<p>These are preliminary results, but they have implications for public health communication as governments around the world seek to plot a course out of lockdown in an orderly, safe way.</p>

<p>The Italian government’s more caring, supportive tone when communicating with its citizens during these difficult times seems best for the millions of people struggling with feelings of exclusion or loneliness. In contrast, Trump’s bombastic rhetoric may well risk alienating citizens already struggling with feelings of social exclusion.</p>

<p>Our findings suggest that the communication tone that is more helpful and provides more psychological relief to people experiencing social exclusion due to COVID-19 is a caring one, while making sure to boost self-esteem. In line with this, the British government could take a few lessons from the Queen by using a compassionate tone. As well as clear public health guidance, governments should emphasise their belief in the public’s ability to handle difficult situations.<!-- Below is The Conversation's page counter tag. Please DO NOT REMOVE. --><img src="" alt="The Conversation" width="1" height="1" style="border: none !important; box-shadow: none !important; margin: 0 !important; max-height: 1px !important; max-width: 1px !important; min-height: 1px !important; min-width: 1px !important; opacity: 0 !important; outline: none !important; padding: 0 !important; text-shadow: none !important" /><!-- End of code. If you don't see any code above, please get new code from the Advanced tab after you click the republish button. The page counter does not collect any personal data. More info: --></p>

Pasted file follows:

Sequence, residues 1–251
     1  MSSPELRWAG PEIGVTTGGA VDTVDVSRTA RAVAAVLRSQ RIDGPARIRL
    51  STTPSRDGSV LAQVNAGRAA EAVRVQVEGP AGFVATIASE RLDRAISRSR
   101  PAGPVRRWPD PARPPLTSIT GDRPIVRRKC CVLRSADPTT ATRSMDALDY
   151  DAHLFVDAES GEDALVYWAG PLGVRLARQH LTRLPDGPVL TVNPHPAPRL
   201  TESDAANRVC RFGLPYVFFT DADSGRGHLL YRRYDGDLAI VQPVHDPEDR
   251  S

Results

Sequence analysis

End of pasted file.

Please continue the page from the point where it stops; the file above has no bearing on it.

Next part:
<p><span><a href="">Aulona Ulqinaku</a>, Lecturer in Marketing, <em><a href="">University of Leeds</a></em></span></p>

<p>This article is republished from <a href="">The Conversation</a> under a Creative Commons license. Read the <a href="">original article</a>.</p>

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The views expressed in this article are those of the author and may not reflect the views of Leeds University Business School or the University of Leeds.